Running Windows Vista on a Mac
Here are a few questions I’ve received recently from people like you, and my answers. I have edited and restated the questions a bit, for readability. This week my mailbox contained questions about running Windows on a Macintosh computer, using one monitor for watching TV and computing, and turning digital photos into a printed book.
In a recent column, you said Microsoft had imposed a legal prohibition on running the Home versions of Windows Vista on a Macintosh using virtualization programs like Parallels and Fusion. Does the same prohibition apply if you are installing Vista using Apple’s Boot Camp software?
No, because Boot Camp doesn’t create a virtual Windows computer — it actually carves out part of an Intel-based Macintosh’s hard disk and turns it into a full-blown physical Windows computer. To Windows, a Mac configured this way looks just like any Dell or Hewlett-Packard or other standard Windows computer. Boot Camp is free, but, such as Parallels and Fusion, it requires you to purchase a full, boxed copy of Windows to install.
The upside of the Boot Camp approach is that, when you are running Windows on the Mac, all of the computer’s hardware is devoted to Windows, because the Mac’s own operating system, OS X, isn’t running at all and a portion of the hard disk is reserved for the exclusive use of Windows. The downside is that you cannot run the two operating systems simultaneously, as you can with virtual solutions such as Parallels and Fusion. To switch between using Windows programs and Mac programs, you must restart the machine while holding down the Option key and then choose whether you want it to boot into Windows or Mac OS X. Both Parallels and Fusion can, however, use a Boot Camp Windows installation to create a virtual version of Windows that can be used simultaneously with the Mac OS.
If you install Boot Camp on a well-equipped Mac model, it can become a blazing fast Vista computer. A few days ago I bought a top-of-the-line model of Apple’s new iMac line, and installed Boot Camp and Vista. I then tested the machine using Vista’s built-in Windows Experience Index, a rating system that goes from 1 to 5.9, with scores above 3.0 generally required for full, quick performance. My iMac scored a 5.0, the best score of any consumer Vista machine I have tested. Obviously, a tricked-out high end Dell or HP box might do as well or better, and a lesser Mac might do worse. But the score was very impressive for a computer that wasn’t designed with Vista in mind.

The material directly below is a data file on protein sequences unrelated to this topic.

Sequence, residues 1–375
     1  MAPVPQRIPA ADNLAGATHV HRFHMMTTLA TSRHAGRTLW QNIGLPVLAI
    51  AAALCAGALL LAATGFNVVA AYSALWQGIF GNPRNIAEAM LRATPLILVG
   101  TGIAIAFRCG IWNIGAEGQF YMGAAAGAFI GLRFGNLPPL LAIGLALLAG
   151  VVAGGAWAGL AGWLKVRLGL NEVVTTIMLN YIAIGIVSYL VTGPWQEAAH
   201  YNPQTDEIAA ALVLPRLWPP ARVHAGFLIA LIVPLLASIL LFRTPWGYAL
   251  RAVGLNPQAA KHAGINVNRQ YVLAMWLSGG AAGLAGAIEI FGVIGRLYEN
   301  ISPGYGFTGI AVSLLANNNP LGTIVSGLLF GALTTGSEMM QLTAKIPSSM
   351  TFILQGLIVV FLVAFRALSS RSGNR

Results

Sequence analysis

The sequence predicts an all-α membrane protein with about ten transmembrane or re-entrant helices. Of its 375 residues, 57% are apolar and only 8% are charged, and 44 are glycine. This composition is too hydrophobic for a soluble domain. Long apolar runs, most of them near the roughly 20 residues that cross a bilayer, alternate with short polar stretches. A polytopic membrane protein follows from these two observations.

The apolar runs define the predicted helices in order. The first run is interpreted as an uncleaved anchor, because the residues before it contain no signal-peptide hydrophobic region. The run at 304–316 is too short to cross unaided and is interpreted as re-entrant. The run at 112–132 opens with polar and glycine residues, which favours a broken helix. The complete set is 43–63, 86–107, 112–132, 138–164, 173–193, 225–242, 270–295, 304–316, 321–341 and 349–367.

We have a Sony PC and a 17-inch LCD monitor. Currently, we have a separate old-fashioned TV in the room, with a cable box connected to it. Is there any way to buy a larger LCD monitor and be able to watch TV via the cable box and also use the same screen when we use the computer?
A good approach would be to buy an LCD television that has both the usual connectors for your cable box and a connector, or input, for a personal computer. There are many such models, in various sizes. If you bought such a TV, you would switch between the PC and the cable box by changing inputs on your remote. Just make sure the PC input is compatible with your computer, or that an adapter is available to make it compatible. Many PCs and PC-friendly TVs use the older, common VGA connector, which is an analog input, but others use various newer digital connectors. You can also connect some computers to LCD TVs using standard connectors that aren’t specifically labeled as being for PCs. This is especially true for some Windows Media Center PCs that are designed to work with TVs.
Have you rated any of the Web businesses that assemble personal photos into a book format?
Yes. My colleague Katherine Boehret and I reviewed three contenders in that category in December, and in our judgment, at that time, MyPublisher (www.mypublisher.com) was the best of that group. You can read the column at http://solution.allthingsd.com/20061206. However, the books from Apple, Shutterfly and Blurb are also favorites of many readers.
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